People management in an IVF setting – part two

Training, induction and appraisals

In last weeks blog I covered aspects of staff recruitment,  recruitment advertising and interview processes.

Following on from that, I’d like to focus on a few aspects of employee management that I think are very important.

A couple of things to bear in mind here, I’m going to be light on references – there won’t be any! This is because most textbooks on management are heavy on words but light on substance.

Secondly, I don’t want to go into the nitty-gritty of legal staples like employment contracts. Instead just suggest some standard procedures, backed up with good practice, which are a prerequisite for quality.

Training is one of the most important tasks of management, especially in the IVF setting. In many ways the quality of the whole clinic experience depends on the staff training and development. It is  important to recognise that this is a two-way process.  Allow  trainees to give feedback on the training received so that the clinic  can be continuously improved.


When does training begin?

On day one, with the induction for new staff.

It is vitally important that new staff quickly understand:

  •  Clinic vision
  • Mission
  • Business objectives
  • Culture
  • Ethics
  • Decision making hierarchies
  • Internal and external communications

A well planned induction,  taking place over the first three weeks of employment is invaluable for this purpose.

It’s important to get off to a good start, and by creating a checklist you ensure that everything is in place. This might include the following:

  • Space: where will the employee sit when completing administrative tasks/routines? Has it been thought out logically?
  • Is the seating furniture (desk/chairs) adequate and in good repair?
  • Do they have everything they need in terms of stationery?
  • Do they have a working telephone?
  • Do they have access to a good computer (i.e. one that functions properly), and has provision been made for them to have the correct level of access to all the necessary IT systems, including email? 
  • Handbook: it is worth creating a staff handbook laying out standard operating procedures and management processes of the organisation. Note: some organisations provide time for the new employee to peruse this, after which they are required to sign a slip to say they have read and understood it
  • Staff chart: this allows new staff to quickly gain an understanding of the lines of management in the organisation, and it should be the responsibility of the line manager to personally introduce them to all other staff in the organisation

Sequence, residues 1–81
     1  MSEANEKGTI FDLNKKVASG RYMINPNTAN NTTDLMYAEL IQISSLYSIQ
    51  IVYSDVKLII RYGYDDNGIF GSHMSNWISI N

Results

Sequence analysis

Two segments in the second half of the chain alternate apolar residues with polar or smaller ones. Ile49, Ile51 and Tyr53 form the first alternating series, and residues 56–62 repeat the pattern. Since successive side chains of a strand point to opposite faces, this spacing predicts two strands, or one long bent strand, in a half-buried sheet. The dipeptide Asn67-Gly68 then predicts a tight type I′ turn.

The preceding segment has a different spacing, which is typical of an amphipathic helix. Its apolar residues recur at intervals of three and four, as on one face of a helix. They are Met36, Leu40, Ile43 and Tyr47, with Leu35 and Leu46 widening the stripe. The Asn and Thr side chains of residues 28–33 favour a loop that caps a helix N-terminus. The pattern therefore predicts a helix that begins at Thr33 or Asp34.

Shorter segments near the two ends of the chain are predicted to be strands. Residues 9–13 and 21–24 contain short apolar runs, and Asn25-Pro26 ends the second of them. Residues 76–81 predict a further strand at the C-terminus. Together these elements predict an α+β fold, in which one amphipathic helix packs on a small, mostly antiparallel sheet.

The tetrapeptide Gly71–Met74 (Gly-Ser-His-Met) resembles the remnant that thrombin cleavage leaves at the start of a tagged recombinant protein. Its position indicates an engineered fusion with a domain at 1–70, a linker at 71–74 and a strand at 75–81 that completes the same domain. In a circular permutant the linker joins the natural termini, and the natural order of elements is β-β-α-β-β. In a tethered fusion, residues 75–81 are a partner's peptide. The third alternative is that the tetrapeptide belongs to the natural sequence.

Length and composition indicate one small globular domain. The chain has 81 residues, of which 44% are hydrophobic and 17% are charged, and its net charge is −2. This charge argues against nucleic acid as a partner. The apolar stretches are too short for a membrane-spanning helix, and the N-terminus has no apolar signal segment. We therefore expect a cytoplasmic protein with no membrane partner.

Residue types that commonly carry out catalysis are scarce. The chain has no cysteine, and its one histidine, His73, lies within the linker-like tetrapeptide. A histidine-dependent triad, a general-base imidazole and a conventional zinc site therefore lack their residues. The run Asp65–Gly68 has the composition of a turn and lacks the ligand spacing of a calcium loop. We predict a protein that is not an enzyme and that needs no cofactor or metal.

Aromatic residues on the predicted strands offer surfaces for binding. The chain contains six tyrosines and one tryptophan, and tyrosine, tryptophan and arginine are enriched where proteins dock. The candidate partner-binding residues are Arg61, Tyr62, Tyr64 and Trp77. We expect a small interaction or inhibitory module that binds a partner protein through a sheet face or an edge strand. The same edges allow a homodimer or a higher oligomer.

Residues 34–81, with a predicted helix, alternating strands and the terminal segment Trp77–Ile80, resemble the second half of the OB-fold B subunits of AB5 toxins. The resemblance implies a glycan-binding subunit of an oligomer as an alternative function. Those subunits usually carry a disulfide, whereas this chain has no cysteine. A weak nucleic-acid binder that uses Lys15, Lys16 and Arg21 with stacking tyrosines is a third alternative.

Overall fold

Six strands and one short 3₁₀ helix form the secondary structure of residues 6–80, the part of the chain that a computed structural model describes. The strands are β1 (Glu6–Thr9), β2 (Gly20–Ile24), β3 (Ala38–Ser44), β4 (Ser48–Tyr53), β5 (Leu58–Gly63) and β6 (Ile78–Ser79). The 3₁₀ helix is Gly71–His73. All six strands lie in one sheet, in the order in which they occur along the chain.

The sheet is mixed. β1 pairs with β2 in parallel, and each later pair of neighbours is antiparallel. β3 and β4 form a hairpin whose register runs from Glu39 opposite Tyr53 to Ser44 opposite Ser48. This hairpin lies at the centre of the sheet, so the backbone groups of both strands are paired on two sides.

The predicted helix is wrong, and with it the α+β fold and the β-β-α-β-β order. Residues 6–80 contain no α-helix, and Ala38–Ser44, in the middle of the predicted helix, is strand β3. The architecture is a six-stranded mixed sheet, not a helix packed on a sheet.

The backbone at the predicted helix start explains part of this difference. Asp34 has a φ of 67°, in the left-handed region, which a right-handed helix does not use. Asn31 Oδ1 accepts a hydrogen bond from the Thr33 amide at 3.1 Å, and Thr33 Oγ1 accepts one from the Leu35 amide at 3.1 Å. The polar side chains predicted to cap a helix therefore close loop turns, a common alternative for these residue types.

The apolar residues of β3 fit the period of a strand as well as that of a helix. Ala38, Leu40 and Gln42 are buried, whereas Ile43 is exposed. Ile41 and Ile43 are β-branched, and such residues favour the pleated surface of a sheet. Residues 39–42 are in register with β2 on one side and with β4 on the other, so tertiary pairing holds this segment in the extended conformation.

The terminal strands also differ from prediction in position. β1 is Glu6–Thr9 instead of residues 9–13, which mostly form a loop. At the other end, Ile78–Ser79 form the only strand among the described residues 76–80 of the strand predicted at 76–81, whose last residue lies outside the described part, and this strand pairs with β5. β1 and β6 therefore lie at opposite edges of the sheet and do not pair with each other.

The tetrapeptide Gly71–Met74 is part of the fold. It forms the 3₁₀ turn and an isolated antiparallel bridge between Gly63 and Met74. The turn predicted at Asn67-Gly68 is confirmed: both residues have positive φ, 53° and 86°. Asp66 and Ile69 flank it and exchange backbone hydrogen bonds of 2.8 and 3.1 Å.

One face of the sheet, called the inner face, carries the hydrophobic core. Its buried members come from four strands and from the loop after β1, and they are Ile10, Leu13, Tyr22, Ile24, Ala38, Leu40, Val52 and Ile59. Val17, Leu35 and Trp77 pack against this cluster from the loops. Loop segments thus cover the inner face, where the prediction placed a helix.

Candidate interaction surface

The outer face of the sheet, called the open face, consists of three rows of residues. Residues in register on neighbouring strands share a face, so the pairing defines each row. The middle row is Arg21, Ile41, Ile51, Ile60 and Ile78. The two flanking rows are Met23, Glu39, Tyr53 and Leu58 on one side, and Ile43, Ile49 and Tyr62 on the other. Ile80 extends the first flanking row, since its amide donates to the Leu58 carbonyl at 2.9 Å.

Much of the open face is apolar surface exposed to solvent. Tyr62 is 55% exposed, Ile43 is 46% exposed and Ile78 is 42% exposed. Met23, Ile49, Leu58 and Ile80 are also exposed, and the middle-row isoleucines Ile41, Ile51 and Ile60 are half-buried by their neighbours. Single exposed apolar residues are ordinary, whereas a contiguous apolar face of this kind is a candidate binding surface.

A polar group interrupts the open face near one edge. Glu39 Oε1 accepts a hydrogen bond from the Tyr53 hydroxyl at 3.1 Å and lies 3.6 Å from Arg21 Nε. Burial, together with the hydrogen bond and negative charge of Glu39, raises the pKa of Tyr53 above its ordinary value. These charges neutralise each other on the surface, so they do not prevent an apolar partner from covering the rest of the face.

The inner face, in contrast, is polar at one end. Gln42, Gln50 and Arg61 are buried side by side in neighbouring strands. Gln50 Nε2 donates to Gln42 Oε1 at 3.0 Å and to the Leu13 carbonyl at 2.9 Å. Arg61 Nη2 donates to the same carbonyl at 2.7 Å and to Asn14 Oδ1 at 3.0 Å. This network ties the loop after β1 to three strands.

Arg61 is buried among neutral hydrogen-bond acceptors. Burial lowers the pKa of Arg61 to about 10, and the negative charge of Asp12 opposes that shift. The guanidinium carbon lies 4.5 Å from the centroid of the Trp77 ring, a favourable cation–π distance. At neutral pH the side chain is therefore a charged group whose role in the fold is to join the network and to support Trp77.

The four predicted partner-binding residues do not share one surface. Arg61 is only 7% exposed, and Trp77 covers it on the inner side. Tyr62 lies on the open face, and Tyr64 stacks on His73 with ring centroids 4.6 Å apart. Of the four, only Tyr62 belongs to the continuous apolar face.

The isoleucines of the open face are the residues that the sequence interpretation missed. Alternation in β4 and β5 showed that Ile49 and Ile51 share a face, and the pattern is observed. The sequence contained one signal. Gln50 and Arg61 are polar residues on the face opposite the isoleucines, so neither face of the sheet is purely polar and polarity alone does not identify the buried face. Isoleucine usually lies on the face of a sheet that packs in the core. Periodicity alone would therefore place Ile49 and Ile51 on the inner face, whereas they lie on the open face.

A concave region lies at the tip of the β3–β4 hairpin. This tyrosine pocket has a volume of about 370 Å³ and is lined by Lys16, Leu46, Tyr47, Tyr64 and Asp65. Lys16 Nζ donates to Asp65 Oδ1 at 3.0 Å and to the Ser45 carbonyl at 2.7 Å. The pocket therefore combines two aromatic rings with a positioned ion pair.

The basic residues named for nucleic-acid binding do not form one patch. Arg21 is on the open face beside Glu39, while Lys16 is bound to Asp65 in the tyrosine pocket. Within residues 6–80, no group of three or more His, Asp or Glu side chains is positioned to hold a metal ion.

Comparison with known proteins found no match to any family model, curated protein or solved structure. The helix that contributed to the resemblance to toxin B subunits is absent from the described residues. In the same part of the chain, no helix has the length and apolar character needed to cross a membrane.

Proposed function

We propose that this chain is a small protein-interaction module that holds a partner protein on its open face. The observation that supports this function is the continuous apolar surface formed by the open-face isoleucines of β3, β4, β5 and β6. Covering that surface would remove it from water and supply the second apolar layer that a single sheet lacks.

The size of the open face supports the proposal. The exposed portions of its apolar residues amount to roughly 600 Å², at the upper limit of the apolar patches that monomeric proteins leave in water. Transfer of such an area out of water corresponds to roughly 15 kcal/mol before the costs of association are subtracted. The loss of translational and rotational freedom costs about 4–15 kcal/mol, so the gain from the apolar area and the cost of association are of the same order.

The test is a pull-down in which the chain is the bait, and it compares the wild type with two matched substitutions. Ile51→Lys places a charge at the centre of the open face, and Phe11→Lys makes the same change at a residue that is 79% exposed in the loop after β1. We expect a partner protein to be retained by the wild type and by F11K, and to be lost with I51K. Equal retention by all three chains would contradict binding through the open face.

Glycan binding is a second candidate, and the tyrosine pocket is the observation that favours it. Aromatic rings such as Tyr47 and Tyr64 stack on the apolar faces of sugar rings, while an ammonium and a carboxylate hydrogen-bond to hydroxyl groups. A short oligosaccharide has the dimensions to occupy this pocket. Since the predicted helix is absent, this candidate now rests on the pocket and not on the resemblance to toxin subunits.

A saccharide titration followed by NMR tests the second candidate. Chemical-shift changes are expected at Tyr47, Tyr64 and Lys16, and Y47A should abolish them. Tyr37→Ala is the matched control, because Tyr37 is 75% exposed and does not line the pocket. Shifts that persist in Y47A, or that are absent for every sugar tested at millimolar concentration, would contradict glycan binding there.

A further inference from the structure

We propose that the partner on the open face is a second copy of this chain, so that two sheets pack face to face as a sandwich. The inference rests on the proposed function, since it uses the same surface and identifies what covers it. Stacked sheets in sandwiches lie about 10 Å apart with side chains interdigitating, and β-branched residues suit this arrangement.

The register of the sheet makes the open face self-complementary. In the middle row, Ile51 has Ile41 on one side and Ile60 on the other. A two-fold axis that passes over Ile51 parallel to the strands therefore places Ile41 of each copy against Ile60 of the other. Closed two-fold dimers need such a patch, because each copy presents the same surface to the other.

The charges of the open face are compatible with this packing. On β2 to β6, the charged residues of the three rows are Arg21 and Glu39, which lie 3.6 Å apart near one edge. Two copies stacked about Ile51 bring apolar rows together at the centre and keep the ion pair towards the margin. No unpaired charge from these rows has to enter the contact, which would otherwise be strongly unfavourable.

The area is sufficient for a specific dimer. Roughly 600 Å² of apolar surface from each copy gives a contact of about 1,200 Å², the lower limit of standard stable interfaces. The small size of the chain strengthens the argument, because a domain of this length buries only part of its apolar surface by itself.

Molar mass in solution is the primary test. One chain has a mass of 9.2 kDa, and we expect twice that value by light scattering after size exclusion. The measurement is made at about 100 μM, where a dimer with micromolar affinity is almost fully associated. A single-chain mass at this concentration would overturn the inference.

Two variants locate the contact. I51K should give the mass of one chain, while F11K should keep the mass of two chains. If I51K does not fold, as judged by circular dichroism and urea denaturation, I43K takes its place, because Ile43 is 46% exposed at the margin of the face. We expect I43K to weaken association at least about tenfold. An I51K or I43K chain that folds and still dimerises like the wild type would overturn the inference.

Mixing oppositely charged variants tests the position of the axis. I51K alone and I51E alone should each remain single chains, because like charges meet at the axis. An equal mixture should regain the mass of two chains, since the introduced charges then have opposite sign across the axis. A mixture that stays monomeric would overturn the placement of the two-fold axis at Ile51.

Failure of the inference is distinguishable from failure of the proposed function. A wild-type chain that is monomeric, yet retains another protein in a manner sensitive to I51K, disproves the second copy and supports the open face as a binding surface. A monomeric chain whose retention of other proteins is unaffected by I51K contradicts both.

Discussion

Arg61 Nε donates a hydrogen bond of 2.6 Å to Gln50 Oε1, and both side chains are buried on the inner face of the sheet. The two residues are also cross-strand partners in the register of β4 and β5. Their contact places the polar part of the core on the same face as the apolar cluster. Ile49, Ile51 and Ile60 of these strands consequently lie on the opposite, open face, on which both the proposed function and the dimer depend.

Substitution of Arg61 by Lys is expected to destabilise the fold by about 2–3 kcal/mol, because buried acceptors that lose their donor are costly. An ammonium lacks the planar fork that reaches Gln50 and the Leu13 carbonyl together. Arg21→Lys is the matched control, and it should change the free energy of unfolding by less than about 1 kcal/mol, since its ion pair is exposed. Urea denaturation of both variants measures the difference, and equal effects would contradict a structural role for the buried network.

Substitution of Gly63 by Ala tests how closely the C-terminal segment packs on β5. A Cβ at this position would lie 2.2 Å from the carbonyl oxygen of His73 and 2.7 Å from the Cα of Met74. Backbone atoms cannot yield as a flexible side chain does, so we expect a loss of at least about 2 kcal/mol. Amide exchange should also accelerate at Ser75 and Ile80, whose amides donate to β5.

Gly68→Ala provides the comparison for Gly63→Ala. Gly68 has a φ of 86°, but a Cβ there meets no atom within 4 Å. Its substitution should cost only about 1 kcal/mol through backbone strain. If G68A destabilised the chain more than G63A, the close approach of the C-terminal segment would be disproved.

• Health and safety: new staff need to know about general health and safety, emergency procedures, and who is responsible for First Aid and facilities
  • Confidentiality: has the employee been vetted? Have they signed the necessary confidentiality documents to allow them access to patient information?
  • Induction programme diary: this is an outline and schedule of key stepping stones to be completed over the initial three weeks of employment to include training sessions and meetings with key staff

Getting to know each other’s roles

As part of gaining an understanding of the whole organisation it is a good idea for  staff to spend some time in other departments.

For instance, a new embryologist might spend a couple of hours in admin or on reception.  A nurse might spend time shadowing an embryologist. This helps everyone understand the functions of each department and how they dovetail.

Another useful idea is a buddy system. Each new member of staff is given an appointed buddy who will show them the ropes for non working routines.

The buddy is usually a socially confident staff member who enjoys taking on this responsibility and does not see it as a chore!

The buddy will familiarise the new employee with:

  • lunch break arrangements
  • coffee/tea breaks
  • social networks like  gym memberships
  • knowledge of local amenities.

Training for competency

Generally it is a good rule to assume that staff are not fully competent in the specific operating procedures. These vary from workplace to workplace. With this in mind, clinics can ask new staff to perform an audit comparing procedures. This can then be discussed with their manager before the employee undertakes the procedure themselves. Once procedures have been undertaken successfully they can be signed off by a manager. For instance, a checklist for sign-off by a manager for a new nurse might include the following:

  • Patient communication
  • Cycle scanning and follicle assessment
  • Assisting with oocyte retrieval
  • Phlebotomy
  • BMI measurements

As competencies expand and training is given, this check list can become a living document. It’s a means of tracking the employee’s progress in their job. This is important because demonstration, both internally and externally of staff competency has become mandatory for accreditation within some countries.

Training and staff appraisals

Given its importance, training should be enshrined as part of the staff appraisal process. It is good practice  at appraisal to:

1. Ask for frank feedback on training given to the staff member, and an assessment of how this improved practice within the scope of the job

2. Identify areas usually two for further training, together with a timetable for completion of any training. This is usually to be undertaken within three to six months of the appraisal

This should be formalised as part of the appraisal documentation that sits in the employee’s Human Resources file.

In summary, I’d just like to say that employees who are well inducted and trained are not only a credit to their employer, enhancing the quality of the service offered, but they are also highly motivated. They know that their organisation values them and invests in them, and they will reciprocate accordingly.

Neil Madden, Editor